Jun 30, 2022 - Jul 06, 2022

Biochemical and Molecular Engineering XXII | Cancun, Mexico

Absci Senior Scientist Matthew Blankshein will be presenting, “SoluPro® E. coli as a high-performance chassis for drug discovery and scalable production of protein therapeutics” at Biochemical and Molecular Engineering XXII in Cancun, Mexico, June 26-30th. Find more information on the conference website here.

Presentation title:

SoluPro® E. coli as a high-performance chassis for drug discovery and scalable production of protein therapeutics


Technologies that involve engineering biological organisms for utilitarian purposes, so-called synthetic biology approaches, are revolutionizing diverse fields such as medicine, industrial manufacturing, and agriculture. Within the biopharmaceutical industry, achieving efficient production and proper folding of therapeutic proteins often presents challenges that impede drug development progress. To this end, Absci has engineered its proprietary SoluPro® E. coli to be an effective host for complex, high-value proteins and is leading the way to smarter, more efficient biologic drug discovery and cell line development. Further enabling this is Absci’s integrated approach to tackle the most challenging protein production problems: 1) the use of quantitative, high throughput assays to collect large-scale genotype-phenotype datasets to identify the best strains, and 2) the use of data-trained AI models to identify and predict genetic configurations that improve protein folding and production. Leveraging these AI models, Absci can rapidly optimize SoluPro® strains for robust production of diverse human-derived and newly engineered proteins, often achieving multiple-fold improvements in the expression of properly folded antibody fragments, full length antibodies, human serum proteins, and hormones, among other targets. Additionally, Absci has Bionic SoluPro® synthetic technologies that enable site-specific incorporation of nonstandard amino acids into target proteins (consequently Bionic™ proteins) during production. These nonstandard amino acids will provide facile means for precise post-translational chemical modifications of the Bionic™ proteins while still achieving desirable yields. Altogether, the combined use of both AI and advanced synthetic biology enables the engineering of bacterial hosts capable of producing proteins with complex folding and disulfide bond arrangements, as well as enabling creation of new Bionic™ protein modalities.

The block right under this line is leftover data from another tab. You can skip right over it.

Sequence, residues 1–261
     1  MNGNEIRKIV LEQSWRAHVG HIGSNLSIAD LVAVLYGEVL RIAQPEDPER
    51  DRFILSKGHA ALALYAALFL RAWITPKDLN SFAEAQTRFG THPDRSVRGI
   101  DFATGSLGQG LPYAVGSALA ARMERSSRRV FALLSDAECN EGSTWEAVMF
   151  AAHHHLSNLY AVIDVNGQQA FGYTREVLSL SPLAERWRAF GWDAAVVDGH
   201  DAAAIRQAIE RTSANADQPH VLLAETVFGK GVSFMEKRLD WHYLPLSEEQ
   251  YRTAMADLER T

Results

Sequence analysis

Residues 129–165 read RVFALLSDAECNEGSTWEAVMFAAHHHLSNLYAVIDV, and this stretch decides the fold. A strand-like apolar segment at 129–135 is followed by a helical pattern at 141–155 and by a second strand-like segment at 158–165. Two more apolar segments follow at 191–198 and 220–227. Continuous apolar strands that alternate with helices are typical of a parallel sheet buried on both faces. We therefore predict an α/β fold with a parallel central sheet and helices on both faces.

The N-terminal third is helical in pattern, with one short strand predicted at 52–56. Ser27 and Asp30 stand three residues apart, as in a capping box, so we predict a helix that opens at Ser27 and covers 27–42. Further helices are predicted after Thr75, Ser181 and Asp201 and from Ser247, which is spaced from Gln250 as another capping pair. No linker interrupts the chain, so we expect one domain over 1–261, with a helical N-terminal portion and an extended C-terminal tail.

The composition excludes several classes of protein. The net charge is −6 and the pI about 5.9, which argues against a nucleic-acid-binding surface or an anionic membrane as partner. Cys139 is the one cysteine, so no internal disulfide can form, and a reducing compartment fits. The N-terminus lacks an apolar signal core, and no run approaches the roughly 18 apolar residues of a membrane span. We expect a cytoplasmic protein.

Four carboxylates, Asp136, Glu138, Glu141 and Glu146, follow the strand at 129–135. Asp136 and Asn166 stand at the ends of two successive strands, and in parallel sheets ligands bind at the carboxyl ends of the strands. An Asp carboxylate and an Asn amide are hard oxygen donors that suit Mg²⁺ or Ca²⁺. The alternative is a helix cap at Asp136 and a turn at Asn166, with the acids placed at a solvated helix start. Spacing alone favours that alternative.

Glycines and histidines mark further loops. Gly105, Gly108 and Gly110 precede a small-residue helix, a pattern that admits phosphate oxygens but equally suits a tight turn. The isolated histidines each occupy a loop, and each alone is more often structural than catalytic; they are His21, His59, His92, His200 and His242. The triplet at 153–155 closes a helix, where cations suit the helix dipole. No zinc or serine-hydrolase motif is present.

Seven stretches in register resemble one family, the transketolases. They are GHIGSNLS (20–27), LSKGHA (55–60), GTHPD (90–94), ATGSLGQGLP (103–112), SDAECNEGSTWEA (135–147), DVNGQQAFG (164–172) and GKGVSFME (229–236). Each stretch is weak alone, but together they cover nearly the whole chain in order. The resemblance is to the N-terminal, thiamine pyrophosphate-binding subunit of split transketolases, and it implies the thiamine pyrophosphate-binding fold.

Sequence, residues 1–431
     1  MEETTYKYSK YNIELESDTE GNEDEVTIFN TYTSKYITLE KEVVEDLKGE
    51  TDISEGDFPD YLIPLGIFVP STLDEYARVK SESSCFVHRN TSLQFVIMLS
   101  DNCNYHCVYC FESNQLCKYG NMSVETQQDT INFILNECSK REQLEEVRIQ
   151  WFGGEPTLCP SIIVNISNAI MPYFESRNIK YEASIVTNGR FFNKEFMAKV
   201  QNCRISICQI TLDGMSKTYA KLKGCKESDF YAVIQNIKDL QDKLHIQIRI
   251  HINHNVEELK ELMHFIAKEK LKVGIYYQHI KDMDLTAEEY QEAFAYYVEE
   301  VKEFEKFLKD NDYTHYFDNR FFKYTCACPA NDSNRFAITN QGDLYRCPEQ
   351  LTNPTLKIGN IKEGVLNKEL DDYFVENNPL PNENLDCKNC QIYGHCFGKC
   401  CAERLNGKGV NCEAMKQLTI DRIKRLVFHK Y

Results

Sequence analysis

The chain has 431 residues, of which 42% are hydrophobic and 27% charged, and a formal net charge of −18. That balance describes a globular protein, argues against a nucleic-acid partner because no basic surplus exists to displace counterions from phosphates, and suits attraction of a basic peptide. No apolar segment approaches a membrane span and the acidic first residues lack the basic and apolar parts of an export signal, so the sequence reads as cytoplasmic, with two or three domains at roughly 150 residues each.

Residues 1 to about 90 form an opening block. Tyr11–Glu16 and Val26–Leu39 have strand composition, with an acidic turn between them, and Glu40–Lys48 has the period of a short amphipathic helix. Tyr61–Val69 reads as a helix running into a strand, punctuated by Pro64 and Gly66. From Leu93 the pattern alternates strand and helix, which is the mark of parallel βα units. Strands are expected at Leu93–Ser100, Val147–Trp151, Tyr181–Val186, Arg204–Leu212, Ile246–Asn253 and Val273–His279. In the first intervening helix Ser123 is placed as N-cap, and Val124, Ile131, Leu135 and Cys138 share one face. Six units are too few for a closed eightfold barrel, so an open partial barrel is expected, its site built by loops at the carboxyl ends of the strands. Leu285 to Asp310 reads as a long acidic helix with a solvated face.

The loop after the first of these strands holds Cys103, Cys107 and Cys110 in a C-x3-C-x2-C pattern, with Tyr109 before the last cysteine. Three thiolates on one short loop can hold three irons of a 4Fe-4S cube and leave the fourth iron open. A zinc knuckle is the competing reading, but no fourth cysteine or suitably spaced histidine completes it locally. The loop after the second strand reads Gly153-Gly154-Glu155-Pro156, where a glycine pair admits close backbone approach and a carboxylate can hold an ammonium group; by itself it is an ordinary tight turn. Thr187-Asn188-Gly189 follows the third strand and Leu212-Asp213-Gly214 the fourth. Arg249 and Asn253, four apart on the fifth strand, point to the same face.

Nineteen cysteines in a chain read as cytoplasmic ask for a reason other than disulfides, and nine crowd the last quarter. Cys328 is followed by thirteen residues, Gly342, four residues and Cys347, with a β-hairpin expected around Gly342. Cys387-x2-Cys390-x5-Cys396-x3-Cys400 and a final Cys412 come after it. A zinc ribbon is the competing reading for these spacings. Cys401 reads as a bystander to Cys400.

Matthew Blankshein, Senior Scientist, Absci